Dunia Othman, MrUsta | Be Your Own Boss
We have lovely Dunia Othman, Co-founder of MrUsta and a brilliant mum entrepreneur in our series of #beyourownboss, she shares with us her inspiration, challenges and advice…
About Dubia Othman
I’m a proud Iraqi-Kiwi engineer, wife, and mother of a beautiful one-year old daughter. I’ve spent a majority of my life in the UAE, but my professional life has seen me to travel to a host of countries such as New Zealand, Canada, and Iraq work with brands like Microsoft and Nokia. I consider myself somewhat of a geek and I absolutely numbers; so you’ll always find spreadsheets open on my laptop at any time of day or night. In addition to my family and business obligations, I spend a lot of time mentoring and supporting women entrepreneurs in the UAE, and am active in a number of women’s groups in the country.
Along with my husband and two other friends, we co-founded mrUsta, region’s largest online service provider marketplace, in 2014. mrUsta connects customers directly to ‘Ustas’ (what we call our service providers) in over 200 categories, like AC repair, pest control, plumbing, house cleaning, painting, and so forth. mrUstais free to use for customers, and gives them the option of finding their jobs in two manners: either by posting a job and getting multiple offers from a number of Ustas, or directly booking a job through Instant Booking where a top-tiered Usta iss automatically assigned to them depending on the details provided.
Dunia’s inspiration for going it alone
A few years back (before we got married), my husband’s air conditioner broke down in the middle of August. The building’s management promised to get it fixed, but never showed up. He called around for service providers in Dubai who were willing to work in short notice – it wasted hours of his time, with more broken promises, and atrocious rates. After talking to several friends and colleagues, he realized that this was a common story in Dubai and the UAE and that there needed to be a solution.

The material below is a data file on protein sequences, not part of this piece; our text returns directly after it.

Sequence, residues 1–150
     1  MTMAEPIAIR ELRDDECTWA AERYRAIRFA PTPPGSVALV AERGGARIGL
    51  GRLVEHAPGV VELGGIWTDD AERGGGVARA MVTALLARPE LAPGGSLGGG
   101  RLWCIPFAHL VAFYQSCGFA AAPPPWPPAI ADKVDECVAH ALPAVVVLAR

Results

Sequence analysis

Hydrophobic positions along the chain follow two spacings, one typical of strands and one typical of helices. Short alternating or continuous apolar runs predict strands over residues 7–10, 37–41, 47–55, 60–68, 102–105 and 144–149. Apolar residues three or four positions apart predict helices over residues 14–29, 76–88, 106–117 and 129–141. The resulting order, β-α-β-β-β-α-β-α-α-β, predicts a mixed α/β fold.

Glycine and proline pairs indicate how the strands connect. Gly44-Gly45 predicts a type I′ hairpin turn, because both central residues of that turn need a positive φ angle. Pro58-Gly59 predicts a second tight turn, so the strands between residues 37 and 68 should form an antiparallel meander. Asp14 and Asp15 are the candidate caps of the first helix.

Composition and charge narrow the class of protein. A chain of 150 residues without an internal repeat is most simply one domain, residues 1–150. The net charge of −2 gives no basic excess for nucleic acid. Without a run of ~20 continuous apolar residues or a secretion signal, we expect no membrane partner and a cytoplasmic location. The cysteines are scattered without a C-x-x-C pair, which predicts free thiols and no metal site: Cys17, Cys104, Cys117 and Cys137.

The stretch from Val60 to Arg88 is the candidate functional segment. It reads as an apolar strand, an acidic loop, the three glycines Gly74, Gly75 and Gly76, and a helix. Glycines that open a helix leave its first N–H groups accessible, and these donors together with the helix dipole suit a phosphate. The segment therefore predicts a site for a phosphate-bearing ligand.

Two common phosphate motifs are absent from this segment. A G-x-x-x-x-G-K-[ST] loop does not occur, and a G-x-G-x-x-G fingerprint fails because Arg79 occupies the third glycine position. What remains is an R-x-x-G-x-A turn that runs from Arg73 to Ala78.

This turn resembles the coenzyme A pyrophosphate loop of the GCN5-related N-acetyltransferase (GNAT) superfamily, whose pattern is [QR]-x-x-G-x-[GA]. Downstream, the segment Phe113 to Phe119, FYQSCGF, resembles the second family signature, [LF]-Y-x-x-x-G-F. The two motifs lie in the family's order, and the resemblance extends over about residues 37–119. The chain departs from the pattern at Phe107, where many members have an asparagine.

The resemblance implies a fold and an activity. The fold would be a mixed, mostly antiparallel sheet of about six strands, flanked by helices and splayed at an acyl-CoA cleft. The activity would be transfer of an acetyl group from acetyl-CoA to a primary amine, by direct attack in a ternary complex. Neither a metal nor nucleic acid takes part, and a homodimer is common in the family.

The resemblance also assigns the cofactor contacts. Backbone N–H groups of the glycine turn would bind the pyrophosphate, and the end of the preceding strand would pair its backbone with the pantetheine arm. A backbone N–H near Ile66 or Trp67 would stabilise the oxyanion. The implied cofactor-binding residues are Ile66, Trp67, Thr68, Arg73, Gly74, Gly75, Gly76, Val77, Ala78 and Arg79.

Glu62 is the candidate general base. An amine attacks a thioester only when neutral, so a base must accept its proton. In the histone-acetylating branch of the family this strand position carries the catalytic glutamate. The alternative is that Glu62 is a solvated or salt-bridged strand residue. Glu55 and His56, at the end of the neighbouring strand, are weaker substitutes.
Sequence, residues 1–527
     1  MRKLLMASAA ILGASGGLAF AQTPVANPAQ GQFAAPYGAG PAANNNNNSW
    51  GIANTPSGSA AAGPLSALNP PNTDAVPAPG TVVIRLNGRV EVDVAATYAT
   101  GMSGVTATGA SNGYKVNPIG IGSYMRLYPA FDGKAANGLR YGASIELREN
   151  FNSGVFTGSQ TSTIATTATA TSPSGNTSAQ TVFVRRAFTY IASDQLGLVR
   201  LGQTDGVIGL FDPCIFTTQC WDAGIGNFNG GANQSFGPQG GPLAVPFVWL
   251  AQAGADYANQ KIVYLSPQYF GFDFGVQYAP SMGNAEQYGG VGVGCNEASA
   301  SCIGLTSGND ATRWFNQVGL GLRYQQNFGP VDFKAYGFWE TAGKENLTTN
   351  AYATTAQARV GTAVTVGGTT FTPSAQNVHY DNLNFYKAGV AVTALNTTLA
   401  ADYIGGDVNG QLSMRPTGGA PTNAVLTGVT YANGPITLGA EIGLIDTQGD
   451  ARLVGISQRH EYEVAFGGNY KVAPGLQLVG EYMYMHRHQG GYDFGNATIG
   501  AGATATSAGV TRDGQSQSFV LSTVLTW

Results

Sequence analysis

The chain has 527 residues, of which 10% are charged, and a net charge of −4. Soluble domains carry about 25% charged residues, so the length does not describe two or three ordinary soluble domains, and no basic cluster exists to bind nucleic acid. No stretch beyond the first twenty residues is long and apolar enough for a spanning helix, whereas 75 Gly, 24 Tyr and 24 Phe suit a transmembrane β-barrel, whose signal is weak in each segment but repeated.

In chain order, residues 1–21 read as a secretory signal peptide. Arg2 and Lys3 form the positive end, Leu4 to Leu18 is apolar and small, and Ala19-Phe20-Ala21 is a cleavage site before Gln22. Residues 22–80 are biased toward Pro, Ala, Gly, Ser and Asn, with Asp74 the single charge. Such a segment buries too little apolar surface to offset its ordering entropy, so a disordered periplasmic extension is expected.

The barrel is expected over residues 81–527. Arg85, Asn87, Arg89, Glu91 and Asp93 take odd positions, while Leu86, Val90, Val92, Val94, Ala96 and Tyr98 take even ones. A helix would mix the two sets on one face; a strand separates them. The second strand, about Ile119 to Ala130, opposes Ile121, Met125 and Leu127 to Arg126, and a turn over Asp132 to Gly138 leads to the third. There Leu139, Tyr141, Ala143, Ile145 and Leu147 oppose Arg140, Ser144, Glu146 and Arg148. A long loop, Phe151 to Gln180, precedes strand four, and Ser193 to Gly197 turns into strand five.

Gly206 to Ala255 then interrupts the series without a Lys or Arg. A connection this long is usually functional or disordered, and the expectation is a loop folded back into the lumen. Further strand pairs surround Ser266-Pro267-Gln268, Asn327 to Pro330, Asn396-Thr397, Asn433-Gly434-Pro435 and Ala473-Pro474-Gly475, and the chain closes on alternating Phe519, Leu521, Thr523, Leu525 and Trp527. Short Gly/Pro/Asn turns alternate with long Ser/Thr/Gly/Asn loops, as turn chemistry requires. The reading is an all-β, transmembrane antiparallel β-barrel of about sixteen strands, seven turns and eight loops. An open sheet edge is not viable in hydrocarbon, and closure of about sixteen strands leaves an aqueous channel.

In parallel, I was facing a similar situation. I had moved to a new apartment in the heart of Dubai and struggled to find someone who would make and put up my curtains. Again, phone calls made, promises broken, and for months I woke up to the morning sun’s rays as I had nothing to block the light!
So when my husband pitched the idea to me, without hesitation, I said ‘let’s do it.’
My typical day
I usually get up at the crack of dawn to feed and play with my daughter, before getting ready to head to the office, however, I don’t have the normal office experience that most do. As I also mentor budding female entrepreneurs in the UAE, I spend a lot of time meeting with them and talking at events hosted by women’s groups all over the country. My mentoring continues in the office, where I have taken the younger members of the mrUsta family under my wing
Although busy with my obligations at work, at home, and with my mentoring, I believe I’ve found the perfect balance.
And you know what? I love it. I have absolutely no regrets. No woman should sacrifice one aspect of her and should always be able ot life the choices she prefers.
Greatest challenge of setting up and running my own business
Starting your own business is always a risk – you have to essentially quit your comfortable 9-6 job and the financial security that comes with it to pretty much ‘gamble’ on an idea that can make you rich, or alternatively, flat-out broke.
What I found the biggest challenge to be is raising the initial seed funds for our startup (we initially bootstrapped the entire operation). It’s not enough to believe 100% that your business model will work; it’s the art – and the skill – of making investors believe it. Once we got over that hurdle, we worked on our challenges of hiring the right team and getting our marketing right.
My 3 tips for budding entreprenuers
First, find investors in the same field as they can mentor you through your entire business process and has a vested – other than financial interest – in your field.
Second, never lose your passion for your business. Over time you will learn that you may need to pivot or tweak your model, but that’s not a lack of confidence in your business – it’s just there may be a better way to do things. Don’t let this affect you – keep your drive and keep on going.
Thirdly, one word – CASH: be confident, be assertive, be smart, but most importantly, be humble.